Kozakov also identifies more practical challenges. The availability of vast quantities of information online or on television means that Russians are now far less likely to leave their homes of an evening to attend health lectures or meetings that, in times past, have been such a key element of traditional evangelistic methods. As Kozakov points out, why should people go to so much effort to seek information when they have many more electronic resources at their fingertips?

A personal spiritual quest

These are some of the daunting obstacles to mission that Adventist Church member Valeri Zhinov’ev has often pondered. Prior to 2012, Valeri, his wife and their three children lived in Tver, and he describes their life then as similar to any “average church member.”

“Work, family, Sabbath. But my heart was not fully satisfied, there was a feeling of emptiness,” he says.

Valeri, a successful businessman, felt pressured to be always on the move, to “catch up to something,” yet when he achieved each goal he felt no satisfaction. There was always a new goal to chase, and so the cycle continued.

Ironically, Valeri’s path toward urban mission work began when he and his wife decided to move out of the city. In 2011, they began to study Ellen White’s writings and other spiritual books, which strengthened their long-held desire to move from Tver into the nearby countryside. They were motivated by the hope that they could break the pattern of endless goal-chasing, spend more time in nature, and experience more fully a sense of the Lord’s presence. They teamed up with some fellow church members and searched for a piece of land, finally purchasing 40 hectares of property on the banks of the Orsha River, about 20 kilometers from Tver.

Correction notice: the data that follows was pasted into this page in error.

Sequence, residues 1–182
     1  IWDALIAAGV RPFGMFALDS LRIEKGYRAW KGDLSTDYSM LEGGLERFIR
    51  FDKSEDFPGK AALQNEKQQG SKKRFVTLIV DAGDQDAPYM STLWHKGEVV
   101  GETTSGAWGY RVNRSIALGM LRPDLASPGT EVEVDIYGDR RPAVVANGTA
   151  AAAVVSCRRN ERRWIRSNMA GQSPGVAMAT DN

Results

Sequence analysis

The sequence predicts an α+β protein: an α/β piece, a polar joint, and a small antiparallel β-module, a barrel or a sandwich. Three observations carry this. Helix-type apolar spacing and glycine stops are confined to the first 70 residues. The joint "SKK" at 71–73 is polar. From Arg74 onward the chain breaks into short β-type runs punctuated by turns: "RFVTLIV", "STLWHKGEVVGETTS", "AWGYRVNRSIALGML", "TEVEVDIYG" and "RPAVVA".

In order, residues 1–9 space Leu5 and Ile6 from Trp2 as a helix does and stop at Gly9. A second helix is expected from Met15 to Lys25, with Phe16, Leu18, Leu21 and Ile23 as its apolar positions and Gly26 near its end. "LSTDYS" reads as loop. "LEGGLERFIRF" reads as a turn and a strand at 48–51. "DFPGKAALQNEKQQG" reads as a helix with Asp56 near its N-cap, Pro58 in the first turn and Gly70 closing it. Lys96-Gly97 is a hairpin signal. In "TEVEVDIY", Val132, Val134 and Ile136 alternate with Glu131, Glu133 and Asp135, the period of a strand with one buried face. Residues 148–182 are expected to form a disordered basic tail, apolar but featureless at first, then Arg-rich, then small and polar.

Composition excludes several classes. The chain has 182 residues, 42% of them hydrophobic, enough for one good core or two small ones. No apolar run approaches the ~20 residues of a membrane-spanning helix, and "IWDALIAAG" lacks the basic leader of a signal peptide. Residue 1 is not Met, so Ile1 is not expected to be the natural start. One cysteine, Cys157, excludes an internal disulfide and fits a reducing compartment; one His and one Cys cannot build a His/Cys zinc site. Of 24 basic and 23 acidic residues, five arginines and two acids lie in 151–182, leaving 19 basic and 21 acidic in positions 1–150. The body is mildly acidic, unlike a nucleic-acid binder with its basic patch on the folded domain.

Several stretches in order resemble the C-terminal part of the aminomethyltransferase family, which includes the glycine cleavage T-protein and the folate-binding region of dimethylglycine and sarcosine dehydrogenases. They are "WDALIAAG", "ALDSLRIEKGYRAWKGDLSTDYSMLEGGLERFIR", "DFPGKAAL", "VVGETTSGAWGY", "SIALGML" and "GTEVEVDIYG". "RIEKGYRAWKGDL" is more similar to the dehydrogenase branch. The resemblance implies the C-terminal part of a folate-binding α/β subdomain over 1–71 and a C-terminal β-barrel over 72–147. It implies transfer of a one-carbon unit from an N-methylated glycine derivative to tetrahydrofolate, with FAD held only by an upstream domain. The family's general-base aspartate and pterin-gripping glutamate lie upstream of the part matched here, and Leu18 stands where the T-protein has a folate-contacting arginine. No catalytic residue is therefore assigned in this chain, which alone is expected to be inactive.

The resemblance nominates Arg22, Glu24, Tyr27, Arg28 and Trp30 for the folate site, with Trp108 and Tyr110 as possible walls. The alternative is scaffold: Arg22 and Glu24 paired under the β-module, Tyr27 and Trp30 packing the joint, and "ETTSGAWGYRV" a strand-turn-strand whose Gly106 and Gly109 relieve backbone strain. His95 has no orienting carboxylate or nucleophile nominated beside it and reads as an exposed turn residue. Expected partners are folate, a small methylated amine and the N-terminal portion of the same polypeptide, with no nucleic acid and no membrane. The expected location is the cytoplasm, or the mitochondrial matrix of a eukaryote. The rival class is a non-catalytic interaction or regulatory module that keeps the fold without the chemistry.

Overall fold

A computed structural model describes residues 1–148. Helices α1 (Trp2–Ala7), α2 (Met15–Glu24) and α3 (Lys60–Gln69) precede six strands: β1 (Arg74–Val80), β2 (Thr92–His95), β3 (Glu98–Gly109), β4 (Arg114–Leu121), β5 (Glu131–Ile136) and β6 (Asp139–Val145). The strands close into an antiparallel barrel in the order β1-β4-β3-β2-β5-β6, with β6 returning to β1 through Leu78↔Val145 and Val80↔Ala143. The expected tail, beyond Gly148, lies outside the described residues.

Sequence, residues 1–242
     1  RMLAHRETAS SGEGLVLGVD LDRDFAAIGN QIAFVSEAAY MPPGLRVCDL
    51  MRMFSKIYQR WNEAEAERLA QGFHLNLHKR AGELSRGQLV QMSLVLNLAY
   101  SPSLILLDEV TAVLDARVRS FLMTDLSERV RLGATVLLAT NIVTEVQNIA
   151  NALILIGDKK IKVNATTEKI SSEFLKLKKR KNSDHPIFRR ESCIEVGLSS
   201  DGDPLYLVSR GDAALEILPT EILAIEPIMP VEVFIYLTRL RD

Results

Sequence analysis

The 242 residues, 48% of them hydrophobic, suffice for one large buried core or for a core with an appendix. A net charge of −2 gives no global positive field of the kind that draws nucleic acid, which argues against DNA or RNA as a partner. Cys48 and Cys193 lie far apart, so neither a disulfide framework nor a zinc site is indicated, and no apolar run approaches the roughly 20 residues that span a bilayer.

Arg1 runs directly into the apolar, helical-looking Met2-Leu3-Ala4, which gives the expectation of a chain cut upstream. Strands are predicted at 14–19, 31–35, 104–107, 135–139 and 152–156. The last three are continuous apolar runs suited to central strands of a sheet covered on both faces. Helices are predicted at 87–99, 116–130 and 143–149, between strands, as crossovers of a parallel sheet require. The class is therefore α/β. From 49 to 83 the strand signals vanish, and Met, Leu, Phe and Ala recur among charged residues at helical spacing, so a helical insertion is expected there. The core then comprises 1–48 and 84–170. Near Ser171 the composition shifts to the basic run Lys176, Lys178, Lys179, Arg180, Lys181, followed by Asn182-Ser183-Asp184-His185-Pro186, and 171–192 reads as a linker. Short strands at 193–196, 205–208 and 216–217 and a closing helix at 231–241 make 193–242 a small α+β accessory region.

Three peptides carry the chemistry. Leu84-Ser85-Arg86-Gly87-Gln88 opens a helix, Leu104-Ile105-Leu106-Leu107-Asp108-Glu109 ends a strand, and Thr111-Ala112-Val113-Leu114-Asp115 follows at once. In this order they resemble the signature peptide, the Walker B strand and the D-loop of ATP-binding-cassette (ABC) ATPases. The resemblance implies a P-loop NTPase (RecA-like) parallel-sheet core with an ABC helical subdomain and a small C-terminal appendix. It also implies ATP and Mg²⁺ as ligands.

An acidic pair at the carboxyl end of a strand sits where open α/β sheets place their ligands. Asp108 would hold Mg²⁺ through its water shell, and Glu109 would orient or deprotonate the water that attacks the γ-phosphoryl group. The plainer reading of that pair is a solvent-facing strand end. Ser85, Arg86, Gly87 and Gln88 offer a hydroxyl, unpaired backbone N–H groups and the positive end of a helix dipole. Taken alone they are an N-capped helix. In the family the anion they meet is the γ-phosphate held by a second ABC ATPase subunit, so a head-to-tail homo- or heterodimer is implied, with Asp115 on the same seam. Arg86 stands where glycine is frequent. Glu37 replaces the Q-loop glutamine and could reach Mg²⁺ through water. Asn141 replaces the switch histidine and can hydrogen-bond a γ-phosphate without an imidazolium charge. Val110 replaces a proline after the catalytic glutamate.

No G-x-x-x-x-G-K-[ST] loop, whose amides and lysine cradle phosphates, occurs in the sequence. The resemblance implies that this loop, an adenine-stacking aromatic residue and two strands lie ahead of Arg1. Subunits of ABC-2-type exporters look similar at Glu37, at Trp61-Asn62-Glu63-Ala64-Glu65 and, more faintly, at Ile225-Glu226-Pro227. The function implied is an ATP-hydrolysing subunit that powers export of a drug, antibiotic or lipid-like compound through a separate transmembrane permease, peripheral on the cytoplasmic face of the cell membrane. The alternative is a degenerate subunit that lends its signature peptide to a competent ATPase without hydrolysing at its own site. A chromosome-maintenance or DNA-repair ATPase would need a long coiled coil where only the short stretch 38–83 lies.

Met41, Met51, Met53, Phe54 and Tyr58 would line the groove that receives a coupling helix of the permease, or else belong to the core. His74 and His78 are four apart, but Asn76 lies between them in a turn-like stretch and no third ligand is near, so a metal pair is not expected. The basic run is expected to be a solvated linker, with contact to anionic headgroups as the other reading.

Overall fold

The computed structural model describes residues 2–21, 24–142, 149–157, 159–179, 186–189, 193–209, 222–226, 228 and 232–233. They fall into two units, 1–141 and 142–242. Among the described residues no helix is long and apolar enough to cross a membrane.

But Valeri was still searching for God’s purpose for him. For a short time, he and his wife attended a medical missionary school in Novye Obihody in Ukraine, and on returning to Tver they decided to leave secular employment and dedicate their lives to ministry. In 2013, they returned to Obihody with their three children for a six-month program.

Here, everything changed for Valeri and his family. He developed friendships with many people who, in his words, “don’t live by the principles of this world”—whose goals don’t include buying an apartment or owning a car and mobile phone.

“I don’t mean that we don’t need this, but it all has very little value in the end,” says Valeri. “However, if you start to live instead for others’ happiness, it will give you indescribable joy.”

Spiritual revival—for mission

On returning to their home outside Tver, Valeri and his family continued to pray and ask for God’s guidance. They came up with the idea of holding a camp meeting on their property as a way of seeking spiritual revival for the church in the Tver area.

“It’s important, like the people of Israel during the Feast of the Tabernacles, to leave our work and gather in nature for a few days to listen to spiritual instruction and think about our life and ministry.” At this gathering they met someone who invited them to a meeting in Krasny Mak in the Crimean mountains to learn about “health food ministry.” They went, even though they thought it might be a waste of time.

But it was here that Valeri and his wife first began to understand that the Lord had called them out of the city to prepare them for a special mission—one that would take them right back to where they began.

In Krasny Mak, Valeri met Alexey and Veronica Lubsky, a family from the town of Pyatigorsk, located more than 1,700 kilometers (1,050 miles) from Tver in the mountainous Caucasus region of southern Russia. Alexey and Veronica had opened a health store in Pyatigorsk a few years earlier. “Would you help us if we decided to open a store in Tver?” asked Valeri. The couple agreed, and the Garden of Eden project was born. Valeri’s first step was to take his idea to the leaders of his local congregation near Tver, the Emmaus Adventist church.